NASHVILLE–Finally, after two days of the Winter Meetings at the Gaylord Opryland, I have been voted off the island and am heading back to Durham in the morning. This place is so big that the Batavia Muckdogs might play here next season.
With nothing left to do, I thought now would be a fine to empty my notebook. So here it goes:
Few stories on the business beat have been bigger than Lee Landers’ dogged effort to find a team to fill the void in Pulaski (wait a second, are we back in Orlando?) Yes, for the second straight year, Landers has spent the bulk of his time trying to find a team to play in Pulaski after the Blue Jays pulled out late in the 2006 season. Landers believes Pulaski is close to landing a suitor in the Mariners, yet nothing has been finalized.
Seattle representatives attended a pair of Appalachian League meetings on Wednesday following a late November visit to Pulaski’s Calfee Park, but the Mariners have yet to commit for 2008. Landers said Seattle has set a Dec. 14 deadline for making decision–a date that may be hard to extend considering Pulaski officials have received bids from independent clubs that may be hard to turn down with a second straight dark season looming in the near future.
"I feel better this time this year than I did last year, but the result is the same," Landers said. "We have nothing to hang our hats on."
Rumors surrounding Batavia’s financial troubles are true, but three days at the Winter Meetings have not led to a result. A column by the Buffalo News’ Bob DiCesare outlined the Muckdogs financial troubles, which has left the New York-Penn League club in debt and without a lease for the 2008 season. While neither Batavia GM Dave Wellenzohn nor NYP league president Ben Hayes woulddiscuss the situation, the issue was brought up in league meetings over the past few days.
Any resolution to the situation is not expected in the near future.
"We’re talking with the club and collecting information," Hayes said, deferring any further comment until a later date.
Minor League Baseball plans to announce a new chief operating officer on Thursday morning, filling president elect Pat O’Conner’s former position. I promised both O’Conner and MILB spokesman Jim Ferguson that I would not reveal the new hire’s identity, but he was a general manager in 2007.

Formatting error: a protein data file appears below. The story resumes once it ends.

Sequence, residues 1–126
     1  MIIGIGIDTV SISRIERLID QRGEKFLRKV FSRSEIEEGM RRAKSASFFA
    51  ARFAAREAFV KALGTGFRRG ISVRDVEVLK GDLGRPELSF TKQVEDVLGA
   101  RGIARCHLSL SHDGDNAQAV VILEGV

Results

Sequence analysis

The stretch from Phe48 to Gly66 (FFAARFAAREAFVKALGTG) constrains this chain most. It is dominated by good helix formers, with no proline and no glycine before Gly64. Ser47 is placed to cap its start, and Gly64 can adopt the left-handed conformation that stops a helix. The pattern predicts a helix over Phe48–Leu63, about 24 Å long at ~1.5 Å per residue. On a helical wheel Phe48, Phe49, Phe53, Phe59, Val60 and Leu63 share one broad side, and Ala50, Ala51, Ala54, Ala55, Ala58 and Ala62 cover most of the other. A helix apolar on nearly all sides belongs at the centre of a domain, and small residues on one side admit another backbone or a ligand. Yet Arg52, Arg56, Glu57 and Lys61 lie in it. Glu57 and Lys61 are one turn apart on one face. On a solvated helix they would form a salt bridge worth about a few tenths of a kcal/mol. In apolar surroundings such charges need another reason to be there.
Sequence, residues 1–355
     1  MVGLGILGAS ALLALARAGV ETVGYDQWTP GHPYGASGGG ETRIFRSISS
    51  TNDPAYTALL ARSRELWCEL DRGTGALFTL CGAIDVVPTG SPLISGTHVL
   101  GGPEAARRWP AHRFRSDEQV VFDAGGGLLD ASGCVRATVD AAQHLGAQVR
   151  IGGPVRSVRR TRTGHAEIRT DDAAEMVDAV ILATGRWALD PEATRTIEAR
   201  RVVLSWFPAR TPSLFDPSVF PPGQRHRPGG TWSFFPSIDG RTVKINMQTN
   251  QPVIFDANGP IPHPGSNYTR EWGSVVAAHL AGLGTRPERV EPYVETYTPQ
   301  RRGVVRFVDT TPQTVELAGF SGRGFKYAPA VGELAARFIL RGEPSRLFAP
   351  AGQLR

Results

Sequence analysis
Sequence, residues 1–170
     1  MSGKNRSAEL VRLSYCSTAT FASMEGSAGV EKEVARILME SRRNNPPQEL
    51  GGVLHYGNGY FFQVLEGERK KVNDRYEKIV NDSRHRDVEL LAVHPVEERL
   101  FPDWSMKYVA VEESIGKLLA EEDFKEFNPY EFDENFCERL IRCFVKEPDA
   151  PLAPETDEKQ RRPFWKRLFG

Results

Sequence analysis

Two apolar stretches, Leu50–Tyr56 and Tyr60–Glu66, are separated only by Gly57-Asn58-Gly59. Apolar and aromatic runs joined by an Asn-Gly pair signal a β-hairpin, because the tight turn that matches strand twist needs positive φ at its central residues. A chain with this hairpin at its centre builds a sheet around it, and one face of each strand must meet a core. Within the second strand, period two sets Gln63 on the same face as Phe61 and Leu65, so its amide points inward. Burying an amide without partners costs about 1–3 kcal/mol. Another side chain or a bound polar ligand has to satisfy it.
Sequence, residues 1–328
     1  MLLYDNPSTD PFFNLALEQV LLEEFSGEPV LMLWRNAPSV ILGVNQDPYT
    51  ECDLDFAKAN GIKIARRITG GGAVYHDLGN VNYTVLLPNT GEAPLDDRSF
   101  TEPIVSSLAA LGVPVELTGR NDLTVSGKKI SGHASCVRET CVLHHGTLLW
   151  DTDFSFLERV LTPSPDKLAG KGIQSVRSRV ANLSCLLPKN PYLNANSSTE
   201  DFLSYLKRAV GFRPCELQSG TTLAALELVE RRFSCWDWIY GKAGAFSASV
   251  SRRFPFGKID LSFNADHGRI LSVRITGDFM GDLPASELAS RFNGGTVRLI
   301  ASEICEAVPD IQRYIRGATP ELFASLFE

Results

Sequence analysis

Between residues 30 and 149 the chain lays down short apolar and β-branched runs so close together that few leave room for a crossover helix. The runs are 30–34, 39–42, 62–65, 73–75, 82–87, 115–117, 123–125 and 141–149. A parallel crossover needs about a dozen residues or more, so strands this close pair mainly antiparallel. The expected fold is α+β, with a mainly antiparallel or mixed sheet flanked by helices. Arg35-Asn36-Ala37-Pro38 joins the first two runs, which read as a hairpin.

After increasing attendance by over 20,000 over the past three seasons, the San Jose Giants have grand plans to increase the trend. The Giants signed a five-year extension to remain at the landmark Municipal Stadium, and received a $200,000 in financing from the city that they plan to put into adding roughly 600 seats and significantly boosting their group seating facility.
The Giants long-term future in San Jose remains in doubt, since an Athletics move to neighboring Freemont could result in the Giants being forced out of town. However the team plans to push along and CEO Jim Weyermann said they are in negotiations to land a naming rights deal for the stadium, money the team would plan to put right back into the 1940s-era ballpark for several upgrades that includes concessions, parking and upgraded player development facilities.
Promotional Seminar Changes
I’ll try and get an official confirmation on this tomorrow (Thursday), but apparently MILB’s board of trustees has voted to ban independent league teams from attending the sport’s annual promotional seminar.
Eastern League clubs boycotted the promotional seminar in 2007, expressing their disapproval in sharing ideas with non-affiliated clubs that they consider threatening their territorial rights.Apparently their effort has proven effective.
"We feel that when get together with members it should be with (MILB) members only," Eastern League president Joe McEacharn said. "They are not part of us. Why should we let them hear our best and brightest speak at the promotional seminar."
As I said, I have not spoken with anyone from the board of trustees and hope to find details on the new regulations involving the promotional seminar on Thursday.
It’s About Time
Longtime Birmingham Barons employee Joe Drake is finally getting a taste of the Winter Meetings.
After 53 years with the club–Drake started with the team in 1953 as a ticket-tearer earning $1 a day–the team’s ticket manager earned his first invite to the offseason event. Drake was ushered around the meetings by several team employees who seemed to enjoy his presence at the event as much, if not more, than he did.
A country music fan who was thrilled to meet Gary Carter here at the Opryland, Drake said that the event otherwise has not been overly impressive (there were not enough seats around the sprawling hotel, he complained). And it certainly should not be easy to impressive the veteran baseball employee, who has seen such legends come through Birmingham as Ted Williams, Willie Mays, Josh Gibson, Lorenzo "Piper" Davis, Rollie Fingers, Minnie Minoso and Tommy John.
Drake began his career at the historical Rickwood Field, and the team’s annual game at the old ballpark is a homecoming of sorts for him.
"Joe is treated like a celebrity there," said director of promotions and ticket operations Jeremy Neisser. "Anybody has come to Rickwood seems to know Joe. Every father or grandfather comes up to see him. It’s like a family reunion."